Crane v. Utah Department of Corrections, et al.
The estate of a mentally ill and intellectually disabled prisoner who committed suicide while in Utah Department of Corrections (“UDC”) custody appealed the dismissal of its lawsuit against the UDC. Brock Tucker was seventeen when he was imprisoned at the Central Utah Correctional Facility (“CUCF”). At CUCF, Tucker endured long periods of punitive isolation. CUCF officials rarely let him out of his cell, and he was often denied recreation, exercise equipment, media, commissary, visitation, and library privileges. Tucker hanged himself approximately two years after his arrival at CUCF. Plaintiff-appellant Janet Crane was Tucker’s grandmother and the administrator of his estate. She sued on his estate’s behalf: (1) making Eighth Amendment claims against four prison officials (the “CUCF Defendants”); (2) making statutory claims for violations of the Americans with Disabilities Act (“ADA”) and the Rehabilitation Act against UDC; and (3) making a claim under the Unnecessary Rigor Clause of the Utah Constitution against both the CUCF Defendants and UDC. The defendants moved for judgment on the pleadings. The district court granted the motion, holding the CUCF Defendants were entitled to qualified immunity on the federal constitutional claims and the federal statutory claims did not survive Tucker’s death. As a result, the district court declined to exercise supplemental jurisdiction over the state constitutional claim. Finding no reversible error in the district court's dismissal, the Tenth Circuit affirmed. View "Crane v. Utah Department of Corrections, et al." on Justia Law
Edmonds-Radford v. Southwest Airlines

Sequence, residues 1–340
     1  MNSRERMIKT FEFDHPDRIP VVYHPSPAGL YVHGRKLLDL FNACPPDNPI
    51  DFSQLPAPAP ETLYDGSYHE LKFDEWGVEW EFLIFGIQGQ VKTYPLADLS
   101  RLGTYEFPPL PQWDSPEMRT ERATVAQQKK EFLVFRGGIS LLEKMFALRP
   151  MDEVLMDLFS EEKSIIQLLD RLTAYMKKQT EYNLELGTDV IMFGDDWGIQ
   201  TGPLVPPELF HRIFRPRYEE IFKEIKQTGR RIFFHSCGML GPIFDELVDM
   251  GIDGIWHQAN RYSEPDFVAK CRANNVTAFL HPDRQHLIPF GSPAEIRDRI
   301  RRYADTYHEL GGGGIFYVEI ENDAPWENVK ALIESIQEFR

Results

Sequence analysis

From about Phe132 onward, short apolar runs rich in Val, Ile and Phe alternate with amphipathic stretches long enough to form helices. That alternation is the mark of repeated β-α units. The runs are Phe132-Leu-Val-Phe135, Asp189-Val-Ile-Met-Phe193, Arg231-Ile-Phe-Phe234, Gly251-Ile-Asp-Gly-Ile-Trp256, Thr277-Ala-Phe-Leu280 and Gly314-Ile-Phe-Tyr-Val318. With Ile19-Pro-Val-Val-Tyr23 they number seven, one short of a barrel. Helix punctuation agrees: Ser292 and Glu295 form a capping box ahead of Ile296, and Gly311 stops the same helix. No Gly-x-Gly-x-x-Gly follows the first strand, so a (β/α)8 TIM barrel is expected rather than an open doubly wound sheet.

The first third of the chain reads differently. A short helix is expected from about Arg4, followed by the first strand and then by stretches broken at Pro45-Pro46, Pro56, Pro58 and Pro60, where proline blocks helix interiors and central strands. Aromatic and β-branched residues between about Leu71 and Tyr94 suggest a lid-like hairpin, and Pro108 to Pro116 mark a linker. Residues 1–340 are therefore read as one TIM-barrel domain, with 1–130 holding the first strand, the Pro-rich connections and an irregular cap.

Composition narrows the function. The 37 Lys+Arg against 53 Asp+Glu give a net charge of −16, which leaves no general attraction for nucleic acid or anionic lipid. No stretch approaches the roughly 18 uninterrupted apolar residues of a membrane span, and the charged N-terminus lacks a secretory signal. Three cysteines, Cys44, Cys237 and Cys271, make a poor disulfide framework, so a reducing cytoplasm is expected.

Defendant-Appellee Southwest Airlines graded its new hires based on two overarching categories of criteria: Attitude and Aptitude. By all accounts, Plaintiff-appellant Krista Edmonds-Radford had the necessary Attitude for her position as a Southwest Customer Service Agent. Unfortunately, she failed to exhibit the necessary Aptitude, and Southwest terminated her for failing to meet expectations. That termination led to this disability-based lawsuit, in which Edmonds-Radford sued Southwest for disparate treatment, failure to accommodate, and retaliation under the Americans with Disabilities Act (ADA) and the Rehabilitation Act. The district court granted summary judgment in favor of Southwest on all claims, and Edmonds-Radford appealed. After review, the Tenth Circuit determined: (1) Edmonds-Radford failed to establish her prima facie case or that Southwest’s proffered reason for her termination was pretextual; (2) Edmonds-Radford failed to present evidence she requested any accommodations in connection with her disability (in any event, Southwest provided all requested accommodations); and (3) because there was no proof she made any disability-based accommodation requests, Edmonds-Radford's retaliation claim based on such requests was doomed. "But even if Edmonds-Radford had made disability-based accommodation requests, her retaliation claim would still fail in light of our conclusions that Edmonds-Radford failed to establish that her disability was a determining factor in her termination, or that Southwest’s legitimate, nondiscriminatory reason for the termination was pretextual. Accordingly, the Court affirmed the district court's grant of summary judgment in favor of Southwest on all claims. View "Edmonds-Radford v. Southwest Airlines" on Justia Law